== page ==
When it was first released twenty-six years ago, ‘Beauty and the Beast’ instantly became one of Disney’s most beloved movies – a film that generations of children have grown up with - and the first animated film ever to be nominated for the Best Picture Oscar. Now Disney has re-imagined the ‘tale as old as time’ for a new generation of fans, and the 2017 live-action re-telling, with director Bill Condon at the helm, is simply stunning.

Starring Emma Watson as Belle and Dan Stevens as the Beast, supported by a stellar cast including Ewan MacGregor, Ian McKellen, Emma Thompson, Kevin Kline, Luke Evans, Josh Gad and many others, the new film is an all-out musical extravaganza with lots of humour, sumptuous sets and a stunning stereo conversion for the theatrical 3D version courtesy of Prime Focus World.

Prime Focus stereo supervisors James Rees, Ben Murray, Marc Brzezicki, Jimmy Philip and Barry O’Brien supported senior stereo supervisor Richard Baker to deliver the full stereo conversion of the movie for Disney.

“Working on ‘Beauty and the Beast’ was a fantastic experience,” said stereo supervisor James Rees. “Director Bill Condon’s shooting style and lens choices worked so well for the conversion, and he provided some great direction in terms of what he wanted to achieve in the 3D version of the movie.”

One of the ideas that the director brought to the Prime Focus team was to keep the depth quite shallow in the initial scenes of Belle in the village, and then really open up the depth when the action moves to the magical environment of the castle.

“There is a great moment where we open up the depth and hit the audience with the full effect of the 3D,” continued James. “During the scene with Maurice riding through the forest we unnaturally compressed the depth, so that when the lightning strikes and the wolves attack we could expand it really quickly and throw the audience into the action, with wolves jumping out of the screen.”

The team spent a great deal of time on creating high detail in all of the environments. Inside the castle, the architecture was extremely important, from the angles on ceiling buttresses to the embellishments on the fireplace mantles. In the forest scenes there is fine sculpting in the many bare branches, snowbanks and roots, and the rest of the 3D space is filled with falling snow. This immersion makes the Maurice wolf chase one of the stand out scenes in the movie.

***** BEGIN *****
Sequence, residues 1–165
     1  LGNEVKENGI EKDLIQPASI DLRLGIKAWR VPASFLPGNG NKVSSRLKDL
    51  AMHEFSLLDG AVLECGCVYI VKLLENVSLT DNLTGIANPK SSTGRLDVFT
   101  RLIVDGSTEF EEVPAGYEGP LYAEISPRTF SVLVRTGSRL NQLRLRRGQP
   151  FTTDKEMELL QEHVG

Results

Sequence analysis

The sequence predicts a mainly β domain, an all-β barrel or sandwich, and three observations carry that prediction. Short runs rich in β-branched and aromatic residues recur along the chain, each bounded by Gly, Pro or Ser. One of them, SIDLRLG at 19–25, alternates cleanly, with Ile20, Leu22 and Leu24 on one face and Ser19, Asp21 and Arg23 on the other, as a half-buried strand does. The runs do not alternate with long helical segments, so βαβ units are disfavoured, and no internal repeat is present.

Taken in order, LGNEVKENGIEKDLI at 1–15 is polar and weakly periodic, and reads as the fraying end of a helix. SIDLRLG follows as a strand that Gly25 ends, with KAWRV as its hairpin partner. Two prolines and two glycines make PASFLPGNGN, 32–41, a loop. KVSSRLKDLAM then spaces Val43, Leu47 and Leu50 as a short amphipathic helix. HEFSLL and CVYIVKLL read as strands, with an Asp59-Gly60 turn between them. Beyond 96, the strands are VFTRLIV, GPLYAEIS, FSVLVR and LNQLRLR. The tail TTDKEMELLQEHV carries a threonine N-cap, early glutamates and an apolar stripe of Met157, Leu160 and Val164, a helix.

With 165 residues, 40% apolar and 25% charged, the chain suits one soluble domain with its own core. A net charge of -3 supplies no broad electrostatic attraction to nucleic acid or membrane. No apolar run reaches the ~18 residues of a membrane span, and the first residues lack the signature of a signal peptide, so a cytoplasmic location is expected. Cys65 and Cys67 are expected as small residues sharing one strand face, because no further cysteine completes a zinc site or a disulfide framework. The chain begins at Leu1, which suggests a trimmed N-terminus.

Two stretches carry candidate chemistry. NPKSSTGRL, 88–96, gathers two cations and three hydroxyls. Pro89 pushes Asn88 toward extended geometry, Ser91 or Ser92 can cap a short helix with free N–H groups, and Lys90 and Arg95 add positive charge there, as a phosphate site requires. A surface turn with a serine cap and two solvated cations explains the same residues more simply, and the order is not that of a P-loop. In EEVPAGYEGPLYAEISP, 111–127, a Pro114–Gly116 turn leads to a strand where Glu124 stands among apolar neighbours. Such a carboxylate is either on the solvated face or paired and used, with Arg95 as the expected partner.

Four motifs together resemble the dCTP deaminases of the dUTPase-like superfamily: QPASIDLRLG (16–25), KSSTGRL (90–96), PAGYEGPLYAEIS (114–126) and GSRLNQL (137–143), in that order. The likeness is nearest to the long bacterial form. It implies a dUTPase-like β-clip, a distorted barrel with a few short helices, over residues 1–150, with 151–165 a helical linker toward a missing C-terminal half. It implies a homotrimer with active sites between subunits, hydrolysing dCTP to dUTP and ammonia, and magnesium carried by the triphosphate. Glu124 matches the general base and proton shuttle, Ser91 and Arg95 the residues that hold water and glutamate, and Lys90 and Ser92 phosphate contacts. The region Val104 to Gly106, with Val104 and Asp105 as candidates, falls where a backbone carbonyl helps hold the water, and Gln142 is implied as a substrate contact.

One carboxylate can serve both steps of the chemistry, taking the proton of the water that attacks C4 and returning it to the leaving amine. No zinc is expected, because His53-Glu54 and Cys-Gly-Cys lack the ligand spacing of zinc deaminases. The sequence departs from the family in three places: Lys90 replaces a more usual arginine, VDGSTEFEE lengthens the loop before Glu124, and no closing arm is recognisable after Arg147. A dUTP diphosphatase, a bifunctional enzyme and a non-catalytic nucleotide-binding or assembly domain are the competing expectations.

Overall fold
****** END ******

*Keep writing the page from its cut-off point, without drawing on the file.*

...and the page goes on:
Another particularly effective scene was the ‘Be Our Guest’ musical number – one of the most iconic songs in the film - as James explained: “There is so much going on in the ‘Be Our Guest’ scene. The castle characters are all involved, singing to Belle in the dining room of the castle, and there are elements flying around the room, really filling the 3D space. It is crazy and fast-cut, and it could have been a difficult scene for 3D, but it works really well – which is mainly down to the way in which the director shot it.”

There were a number of CG animated characters in the movie, including one of the two leads – the Beast himself. Elements and z-depths from the VFX vendors allowed the Prime Focus team to create some very fine and consistent detail in the CG characters like Cogsworth and Lumiere, and cyber scans of the lead human characters’ heads allowed Prime Focus to use its ‘Head Geo’ technique to perfectly represent the lead actors in stereo. The team also extensively used environment geo to maintain consistency in the castle architecture.

Talking about some of the other challenges the conversion team faced, James continued: “There was a fair amount of snow throughout the movie. We received some elements from VFX for the CG snow, but much of the volume of snow was practical snow effects on-set. This was challenging for the conversion – especially in the wolf attack and snow chase sequences. Our first task was to strip out all the snow from the shots, then restore the snow in depth, running sims to generate our own CG snow to augment what we had extracted from the original image. This technique allowed us to improve the snow’s continuity across scenes and the final results are really effective, with snow seeming to fall all around the characters in 3D.”

‘Beauty and the Beast’ opened to rave reviews and record breaking box office receipts on March 17, 2017, becoming the seventh largest domestic opener of all time and going straight to number #1 in all but three of the film markets in which it opened. 






RELEASE: March 17, 2017 (US & UK)

Director: Bill Condon
Studios / Distributors: Walt Disney Pictures

PFW Credits

Senior Stereo Supervisor: Richard W. Baker

Producer: Paul Patrick Quinn
Stereo Supervision: James Rees, Ben Murray, Jimmy Philip, Marc Brzezicki, Barry O'Brien
Stereo Production: Bakshad Amrolia, Annsh Patel, Reshma Jhangimal, Gufran Khan, Nishita Shetty, Abhishek Pathak, Savio Cruz, Gauree Patil, Rameez Mukaddam, Akash Mangavkar, Ravi Kumar Singh, Nicole Karlson, Nitin Bahl, Dan Hogg, Wilfred Sequeira, Carolina Karlson, Kevin Maliakal, Parminder Goyel, Bhavani Shankar, Ashish Kukian
Department Supervisors: Kat Kelly, Varion Pereria, Puneet Samra, Peter Pelisek, Dixa Desai, Shreeraj Gopi, Vinay Das, Jason Bowers, Athmi Rai, Deepali Katekar, Salil Devji, Sherin Varghese, Rakhee Gosh, Abhishek Warang, Mahesh Patil, Sandeep Gamre, Dhiraj Sukheja, Vishal Patel, Rio Harrington, Gaurav Gupta
Stereo Pipeline: Isaac Guenard, Robin Emerson, Eoin Greenham, Piyush Jain, Luke Gray
Stereo Editorial: Richard Pring, Lewis 'Sonny' Menga, James Noorani